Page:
Men do go through a period of "andropause" where they have a decline in the production of testosterone, which can result in symptoms of decreased sex drive, depression, lack of energy, erectile dysfunction and ejaculatory dysfunction. Men will often be prescribed testosterone supplementation for these symptoms, and it is this treatment which can adversely affect their sperm production. Men of any age who are taking anabolic steroids, which testosterone is, need to be counseled that it will cause sperm counts to drop precipitously, and even to zero. This is due to the effect exogenous testosterone has on the pituitary - gonadal axis. Men who are symptomatic from low testosterone, or have hypogonadism, and desire fertility should not be placed on testosterone, and should consider other treatments such as HCG.

Despite this "andropause" which can occur,  retrains his fertility well into old age does not go through a true endocrinological menopause like women, who evenutally go through menopause between the ages of 45 to 55. Men have been found to retain their fertility to an age as old as 94. Senator Strom Thurman fathered a child at age 81. There are however, some age-related declines in male fertility and spermatogenesis. Studies have shown when comparing sperm production from men in their 20s to men in their 70s to 80s that there was an average of 30 percent greater sperm production in the younger aged men. Even though, a 30 percent decline in semen parameter is unlikely sufficient to render them infertile if they had previously been fertile.





Microsurgical epididymovasostomy is a technically challenging microsurgical procedure that should be performed by a urologist who is a microsurgeon with fellowship training.  Most commonly, a vasovasostomy (which is the standard vas to vas connection) can be performed, but occasionally an epididymovasostomy (a vas to epididymis connection) is required based on what the surgeon finds at the time of the vasectomy reversal.  This is a more complex procedure, and successful results greatly depend on the surgeon’s specialized training.  

Since it would be very useful for microsurgeons to have a good indication of whether an epididymovasostomy is needed before they begin the vasectomy reversal, Dr. David Fenig, co-director of the Vasectomy Reversal Center of America, and Dr. Larry Lipschultz, chief of Male Reproductive Medicine and Surgery at Baylor College of Medicine, developed an innovative methodology to predict this.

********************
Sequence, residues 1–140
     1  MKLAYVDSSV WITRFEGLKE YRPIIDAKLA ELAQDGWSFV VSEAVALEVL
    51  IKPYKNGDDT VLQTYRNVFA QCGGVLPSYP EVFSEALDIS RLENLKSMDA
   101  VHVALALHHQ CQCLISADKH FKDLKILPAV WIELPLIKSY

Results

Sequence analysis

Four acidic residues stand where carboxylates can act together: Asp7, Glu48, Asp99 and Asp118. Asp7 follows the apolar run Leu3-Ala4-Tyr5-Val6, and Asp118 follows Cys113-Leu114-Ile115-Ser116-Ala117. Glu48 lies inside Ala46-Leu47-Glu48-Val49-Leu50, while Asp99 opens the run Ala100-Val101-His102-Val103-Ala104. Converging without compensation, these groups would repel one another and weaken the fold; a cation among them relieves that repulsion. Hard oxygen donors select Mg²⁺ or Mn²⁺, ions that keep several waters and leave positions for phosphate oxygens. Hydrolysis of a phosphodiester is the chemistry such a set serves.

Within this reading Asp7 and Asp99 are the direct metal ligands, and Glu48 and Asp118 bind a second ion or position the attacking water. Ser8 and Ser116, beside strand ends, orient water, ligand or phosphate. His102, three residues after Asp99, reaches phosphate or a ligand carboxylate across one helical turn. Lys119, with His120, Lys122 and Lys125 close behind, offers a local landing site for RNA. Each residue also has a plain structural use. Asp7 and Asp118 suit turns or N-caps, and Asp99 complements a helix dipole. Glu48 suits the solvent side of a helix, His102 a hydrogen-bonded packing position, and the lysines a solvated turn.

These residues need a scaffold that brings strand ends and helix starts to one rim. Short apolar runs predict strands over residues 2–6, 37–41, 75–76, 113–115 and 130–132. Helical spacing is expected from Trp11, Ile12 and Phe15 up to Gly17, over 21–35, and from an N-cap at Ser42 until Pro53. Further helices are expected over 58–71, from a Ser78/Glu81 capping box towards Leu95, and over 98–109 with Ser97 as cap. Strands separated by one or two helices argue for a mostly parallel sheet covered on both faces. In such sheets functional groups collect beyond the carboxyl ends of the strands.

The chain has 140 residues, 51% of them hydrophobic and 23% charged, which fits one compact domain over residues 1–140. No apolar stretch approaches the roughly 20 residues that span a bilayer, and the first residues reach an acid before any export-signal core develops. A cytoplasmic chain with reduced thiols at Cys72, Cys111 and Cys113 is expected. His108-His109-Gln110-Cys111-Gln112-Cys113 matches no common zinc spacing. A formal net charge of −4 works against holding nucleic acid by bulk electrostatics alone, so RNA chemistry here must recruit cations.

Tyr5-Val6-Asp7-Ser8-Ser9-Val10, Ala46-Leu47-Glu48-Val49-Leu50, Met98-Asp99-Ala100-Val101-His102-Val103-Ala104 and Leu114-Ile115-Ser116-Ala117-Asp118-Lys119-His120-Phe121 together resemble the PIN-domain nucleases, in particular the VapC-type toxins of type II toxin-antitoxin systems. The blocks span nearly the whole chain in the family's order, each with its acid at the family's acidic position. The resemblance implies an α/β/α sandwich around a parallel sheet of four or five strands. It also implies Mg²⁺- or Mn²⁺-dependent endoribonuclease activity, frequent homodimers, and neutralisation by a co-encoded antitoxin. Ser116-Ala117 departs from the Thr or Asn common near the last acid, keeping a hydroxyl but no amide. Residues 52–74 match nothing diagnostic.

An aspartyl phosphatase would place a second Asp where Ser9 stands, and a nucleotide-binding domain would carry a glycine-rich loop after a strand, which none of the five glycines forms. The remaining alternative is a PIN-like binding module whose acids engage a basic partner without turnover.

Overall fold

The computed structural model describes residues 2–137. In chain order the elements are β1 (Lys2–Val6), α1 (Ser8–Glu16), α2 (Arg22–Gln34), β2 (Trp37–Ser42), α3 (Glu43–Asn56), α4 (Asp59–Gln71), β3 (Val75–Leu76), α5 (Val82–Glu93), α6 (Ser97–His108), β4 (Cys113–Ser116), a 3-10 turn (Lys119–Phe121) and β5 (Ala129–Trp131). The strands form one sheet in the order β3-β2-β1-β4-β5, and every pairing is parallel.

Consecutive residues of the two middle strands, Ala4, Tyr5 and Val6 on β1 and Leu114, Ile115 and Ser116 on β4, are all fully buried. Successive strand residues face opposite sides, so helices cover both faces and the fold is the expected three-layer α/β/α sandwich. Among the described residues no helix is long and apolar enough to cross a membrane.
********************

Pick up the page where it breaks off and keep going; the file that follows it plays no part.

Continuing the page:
The methodology is called a nomogram, which is a mathematical model that calculates risk based on two or three factors.  More than 250 patients were included in the study that was used as the basis for the nomogram.  The mean time from their vasectomies to their reversals was 9.7 years.  Dr. Fenig determined what the important predictors are before performing the patient’s reversal surgery. 

They are:

·         How long it has been since the patient’s vasectomy.

·         Whether a sperm granuloma is present, based on a physical examination of the patient.

A sperm granuloma is a small collection of sperm that can form at the end of the vasectomy site.  This creates a small lump.  A sperm granuloma is a good finding since it means that pressure from the vasectomy and backup of sperm have been released.   It indicates a small leakage or accumulation of sperm.  An epididymovasostomy is less likely to be needed when a sperm granuloma is present.

The study found that the age of the patient did not increase the need for epididymovasostomy, but the time between the vasectomy and the reversal did increase the need. 

The nomogram is very helpful to microsurgeons when they counsel patients about vasectomy reversal success rates and discuss whether there will be a need for epididymovasostomy. 

The nomogram also demonstrates that epididymovasostomies may be required for more patients than some surgeons realize, and that patients should choose a microsurgeon who is experienced in performing the epididymovasostomy.